Peeling is a tedious process. There is little reason to peel the bark off a log if you plan to hew or plane it, unless the bark is dirty and likely to dull your cutting tools. Pine, fir, and other evergreen trees may develop pitch pockets just under the bark. On freshly cut trees, pitch may be runny rather than thick or sticky. The cutting edge of a drawknife is never more than an arm's length from a worker's face, and the drawknife is pulled toward the worker's body. Cutting into a pitch pocket splatters pitch on the worker. A drop of pitch in an eye results in the same burning effect as a drop of turpentine. Wear safety glasses or goggles when peeling logs of most evergreen species.
It is not easy to cut a uniform plane surface on a log. That difficulty plus the desirability of using treated timbers for longevity is the reason less work is being done with native logs on site. However, if you are determined to use logs because of their availability and their rustic appearance, here is how to do so. The first step is to place the log on nearly level ground and roll it over to determine which face is easiest to work with. Avoid areas with many knots or large knots. The crook of the log, if any, should be in the direction that will cause the least problem when the construction is completed. Roll the log until the best face is up and in a roughly horizontal position (figure 93).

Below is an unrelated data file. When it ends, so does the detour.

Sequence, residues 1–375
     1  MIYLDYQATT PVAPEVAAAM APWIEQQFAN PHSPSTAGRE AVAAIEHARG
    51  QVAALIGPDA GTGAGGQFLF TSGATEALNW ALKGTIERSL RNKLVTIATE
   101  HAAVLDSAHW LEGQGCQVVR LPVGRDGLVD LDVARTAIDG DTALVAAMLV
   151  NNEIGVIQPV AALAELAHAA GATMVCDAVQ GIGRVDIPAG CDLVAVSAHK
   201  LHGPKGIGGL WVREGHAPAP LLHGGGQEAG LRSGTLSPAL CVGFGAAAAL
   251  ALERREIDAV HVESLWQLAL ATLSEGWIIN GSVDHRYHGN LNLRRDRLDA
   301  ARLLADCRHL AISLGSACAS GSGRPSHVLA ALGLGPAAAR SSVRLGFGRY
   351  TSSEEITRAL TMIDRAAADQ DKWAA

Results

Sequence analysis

Determine the width of the plane surface that is needed. Put a carpenter's or mason's level in a horizontal position against the end of the log. Use a measuring tape or framing square to measure the distance between the solid wood and the inside of the bark at the edge of the level. By trial and error, move the level up or down until its upper edge is level and on a line that measures the dimension needed. Draw a line across the end of the log on the edge of the level. Without moving the log, use the same process to draw a line across the other end.